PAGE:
Musings on life and death and trains and assassins

I'm reading a book right now that is so good I'm having to pace myself. I've been rationing it everyday so that I can make it last longer. It's, Dark Triumph, the second book in Robin LaFever's His Fair Assassin series. The first book, Grave Mercy, was pretty damn fantastic, too. Anyway, these books are about assassin nuns who are sired by the god of Death. They go around killing bad guys who are "marqued" with these smudges that only the assassin nuns can see. After they kill the bad guy they experience his soul for a brief moment and it's all very sad and chilling and wonderful rolled together. (For both the assassin and the reader.)

I was reading this book last night in the quiet of an already sleeping household when I heard a train go by. We don't live very far from the tracks at all, so we hear trains all the time. It's not a bothersome thing – actually, it's very comforting to me. I love to hear the trains, and sometimes the kids and I will walk down to the tracks to watch them go by.

Normally at that time of night there is considerable train traffic, and sometimes they go by really fast. Last night was a whopper. That thing was flying.  I expected to look out the window and beyond the trees and see it whipping across the tracks like something from a cartoon. But of course it was nighttime and we don't live that close to the tracks, so there was nothing to see. 

Right about the time I remarked to myself (and to Twitter) about how fast the train was going, it let out an insistent, sustained, loud blast of its horn. I mean, this was an Others Approaching kind of spine-tingling blast. My oldest kiddo came downstairs and we stared at each other while we listened and I told him that something must have been on the tracks.

Then there was a distant squeal of brakes. And a bang.

And then there were sirens. Lots and lots of sirens.

And then there were helicopters. Lots and lots of helicopters.

I went outside and still couldn't see anything, though I expected to see some Spielbergian flashlights. Then, after searching around on the Internet I found out what had happened. A pedestrian was struck and killed by the train. And, even at a distance, I had heard the entire thing unfold. The last moments of a life, the struggle to protect that life, and then the recovery.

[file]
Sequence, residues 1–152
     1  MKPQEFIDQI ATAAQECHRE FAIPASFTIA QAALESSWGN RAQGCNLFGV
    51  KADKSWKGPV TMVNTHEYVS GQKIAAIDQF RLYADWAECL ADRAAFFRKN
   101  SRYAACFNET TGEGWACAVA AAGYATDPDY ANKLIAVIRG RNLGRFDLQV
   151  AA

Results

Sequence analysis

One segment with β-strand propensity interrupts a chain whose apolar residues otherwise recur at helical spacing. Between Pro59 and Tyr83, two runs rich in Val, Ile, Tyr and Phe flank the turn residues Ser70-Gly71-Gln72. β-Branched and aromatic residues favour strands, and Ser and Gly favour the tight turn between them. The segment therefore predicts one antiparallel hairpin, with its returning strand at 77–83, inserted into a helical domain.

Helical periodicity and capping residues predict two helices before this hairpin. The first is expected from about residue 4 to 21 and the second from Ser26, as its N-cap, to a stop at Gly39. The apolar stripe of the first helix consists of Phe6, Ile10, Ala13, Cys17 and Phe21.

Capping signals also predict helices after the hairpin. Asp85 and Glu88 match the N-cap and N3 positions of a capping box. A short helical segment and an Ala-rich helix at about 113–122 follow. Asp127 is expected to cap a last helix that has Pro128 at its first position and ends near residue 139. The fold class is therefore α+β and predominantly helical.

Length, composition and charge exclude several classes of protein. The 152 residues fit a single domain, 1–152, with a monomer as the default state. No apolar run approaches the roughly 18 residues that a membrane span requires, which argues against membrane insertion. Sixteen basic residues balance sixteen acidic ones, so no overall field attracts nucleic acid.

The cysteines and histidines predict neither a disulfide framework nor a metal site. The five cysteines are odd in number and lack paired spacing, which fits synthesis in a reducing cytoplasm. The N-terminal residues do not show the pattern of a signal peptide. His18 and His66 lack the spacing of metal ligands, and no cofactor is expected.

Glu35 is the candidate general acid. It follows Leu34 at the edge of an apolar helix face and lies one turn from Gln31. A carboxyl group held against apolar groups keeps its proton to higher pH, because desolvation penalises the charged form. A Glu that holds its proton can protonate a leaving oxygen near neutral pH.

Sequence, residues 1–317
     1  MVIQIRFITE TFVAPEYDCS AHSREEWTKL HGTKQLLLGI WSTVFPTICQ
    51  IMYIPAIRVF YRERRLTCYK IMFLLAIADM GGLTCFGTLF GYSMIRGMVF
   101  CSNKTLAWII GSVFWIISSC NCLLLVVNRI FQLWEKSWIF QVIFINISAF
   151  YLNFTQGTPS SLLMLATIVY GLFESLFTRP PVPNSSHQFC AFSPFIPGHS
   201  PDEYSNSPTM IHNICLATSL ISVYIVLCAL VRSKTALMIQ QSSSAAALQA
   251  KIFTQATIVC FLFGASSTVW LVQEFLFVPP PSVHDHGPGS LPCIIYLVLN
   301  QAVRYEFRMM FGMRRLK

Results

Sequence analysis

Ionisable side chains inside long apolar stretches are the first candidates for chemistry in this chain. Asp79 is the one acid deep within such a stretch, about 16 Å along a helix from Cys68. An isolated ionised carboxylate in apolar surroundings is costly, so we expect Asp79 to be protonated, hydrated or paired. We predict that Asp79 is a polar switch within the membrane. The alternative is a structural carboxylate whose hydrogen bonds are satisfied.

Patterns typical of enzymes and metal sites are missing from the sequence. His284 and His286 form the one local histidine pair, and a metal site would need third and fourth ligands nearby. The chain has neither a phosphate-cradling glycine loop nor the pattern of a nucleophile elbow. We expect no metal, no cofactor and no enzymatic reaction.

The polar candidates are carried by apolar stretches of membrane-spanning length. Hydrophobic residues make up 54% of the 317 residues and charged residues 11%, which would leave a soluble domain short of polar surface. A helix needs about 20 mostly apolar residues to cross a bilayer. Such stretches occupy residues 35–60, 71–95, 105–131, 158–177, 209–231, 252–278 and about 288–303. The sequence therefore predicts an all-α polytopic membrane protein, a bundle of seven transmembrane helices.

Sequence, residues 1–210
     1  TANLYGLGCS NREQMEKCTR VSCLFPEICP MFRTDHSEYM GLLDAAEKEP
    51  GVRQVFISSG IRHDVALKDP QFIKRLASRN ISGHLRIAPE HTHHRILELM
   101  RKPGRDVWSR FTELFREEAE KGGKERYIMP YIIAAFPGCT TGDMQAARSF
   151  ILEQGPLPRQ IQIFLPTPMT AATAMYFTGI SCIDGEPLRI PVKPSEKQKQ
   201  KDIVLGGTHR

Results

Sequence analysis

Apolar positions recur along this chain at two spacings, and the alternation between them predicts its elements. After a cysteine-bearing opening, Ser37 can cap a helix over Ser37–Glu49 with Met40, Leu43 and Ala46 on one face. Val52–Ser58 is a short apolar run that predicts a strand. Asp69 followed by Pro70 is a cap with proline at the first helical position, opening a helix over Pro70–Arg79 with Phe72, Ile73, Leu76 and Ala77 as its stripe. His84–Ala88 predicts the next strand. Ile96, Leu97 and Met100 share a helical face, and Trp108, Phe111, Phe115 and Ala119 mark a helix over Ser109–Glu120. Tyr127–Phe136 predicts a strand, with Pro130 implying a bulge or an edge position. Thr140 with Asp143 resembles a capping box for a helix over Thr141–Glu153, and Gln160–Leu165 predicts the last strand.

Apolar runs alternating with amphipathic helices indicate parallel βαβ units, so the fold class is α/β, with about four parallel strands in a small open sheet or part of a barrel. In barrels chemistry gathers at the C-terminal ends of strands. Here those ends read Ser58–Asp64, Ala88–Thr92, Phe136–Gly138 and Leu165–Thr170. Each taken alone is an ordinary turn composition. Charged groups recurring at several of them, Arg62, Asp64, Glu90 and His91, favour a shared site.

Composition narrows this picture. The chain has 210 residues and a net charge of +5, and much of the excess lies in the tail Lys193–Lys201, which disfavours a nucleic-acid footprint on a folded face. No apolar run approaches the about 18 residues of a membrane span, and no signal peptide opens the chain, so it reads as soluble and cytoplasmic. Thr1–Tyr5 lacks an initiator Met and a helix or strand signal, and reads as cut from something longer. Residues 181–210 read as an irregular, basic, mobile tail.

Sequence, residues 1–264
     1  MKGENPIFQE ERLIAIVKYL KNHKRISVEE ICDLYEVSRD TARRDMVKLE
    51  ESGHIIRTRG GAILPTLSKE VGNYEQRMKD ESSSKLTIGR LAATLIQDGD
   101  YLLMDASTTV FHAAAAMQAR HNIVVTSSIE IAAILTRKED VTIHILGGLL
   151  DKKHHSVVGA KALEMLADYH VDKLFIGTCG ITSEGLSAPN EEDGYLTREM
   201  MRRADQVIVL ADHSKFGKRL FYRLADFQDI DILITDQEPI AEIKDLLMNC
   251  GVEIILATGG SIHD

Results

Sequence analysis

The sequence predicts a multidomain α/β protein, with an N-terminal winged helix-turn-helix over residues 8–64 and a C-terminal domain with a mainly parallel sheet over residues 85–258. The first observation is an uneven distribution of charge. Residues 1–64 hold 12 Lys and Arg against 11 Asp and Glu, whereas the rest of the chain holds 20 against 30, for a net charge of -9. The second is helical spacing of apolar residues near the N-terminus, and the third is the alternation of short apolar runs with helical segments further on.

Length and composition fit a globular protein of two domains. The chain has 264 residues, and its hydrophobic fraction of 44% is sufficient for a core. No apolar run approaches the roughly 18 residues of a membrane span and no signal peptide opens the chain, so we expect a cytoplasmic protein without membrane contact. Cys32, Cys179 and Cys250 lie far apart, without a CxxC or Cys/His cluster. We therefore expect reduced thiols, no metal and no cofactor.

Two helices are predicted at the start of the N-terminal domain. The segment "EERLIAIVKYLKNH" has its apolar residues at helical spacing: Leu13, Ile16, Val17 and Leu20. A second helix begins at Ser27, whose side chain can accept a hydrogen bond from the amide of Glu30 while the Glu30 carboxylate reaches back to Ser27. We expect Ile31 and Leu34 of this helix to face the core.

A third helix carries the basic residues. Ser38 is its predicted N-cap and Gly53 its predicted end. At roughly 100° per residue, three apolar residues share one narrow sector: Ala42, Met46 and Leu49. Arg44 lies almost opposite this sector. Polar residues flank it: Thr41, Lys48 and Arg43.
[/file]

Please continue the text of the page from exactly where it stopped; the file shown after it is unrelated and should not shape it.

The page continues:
I am no assassin nun, so I didn't feel a soul rising from the person who was hit, but I did feel a sense of terrifying wonder at how quickly these things can happen. One moment alive. One moment not alive. One moment conducting a train. One moment watching helplessly as your train takes a life.

Was the person on the tracks on purpose? Did he or she somehow not hear the train? Was the train going too fast for this area? I don't know the answers to any of these questions, though I'm sure there are various agencies seeking answers.

My questions are more of an existential nature, I guess. How strange it is that people were sleeping and reading and eating and watching TV and making love and listening to music and washing clothes all while, just a few yards away, a life was lost in one quick instant. How can it be that life continues on, so mundane, even as a person meets death almost within an arm's length away.

I guess this how everyone feels when faced with a death, whether it is of a stranger or a loved one, whether it's sudden or lengthy. How is it that the world keeps spinning and people go on with their mundanities as lives are plucked gracelessly (and possibly gracefully) away from this earth? I don't know what I expect, though. Surely, the world can't stop for a moment every time someone dies or is killed. It weirdly feels both melancholic and reassuring that the world does not stop. But I can't help wondering if anything would be different if we could all get a brief breeze of the lost soul, just like the assassins do in this book.

If you could feel the breeze of a soul as it left a body, would that change how the world works? How would it alter things if the soul of the person you killed settled over you for a moment, like a kind of reverse caul, and then disappeared? Or even if you didn't kill them, but were nearby as they died. Would doctors have more compassion? Would gunmen stop what they were doing? Would a train conductor be less (or more?) haunted?

This is, of course, assuming we all have souls to begin with. And, I guess, that is a rumination for another blog post one day. (I think I am squarely on the side of Souls: Yes, We Have Them.)

Anyway, this post is really neither here nor there, just something I was thinking about this morning as I listen to the birds and watch the breeze blow through the newly green leaves in all the trees that surround those train tracks. It's a gorgeous morning. Resplendent, even. And someone, who was breathing 13 hours ago, is gone now, back to the stardust from whence he or she came.

And here I am, sitting in the same spot on my couch as I sat last night, nothing having changed, except that I have had a good night's sleep, a very sweet banana, and am wondering about Big Questions That Are Scary And Wondrous. 

I think I will not ration the pages of this book today. I think I will read like the wind.

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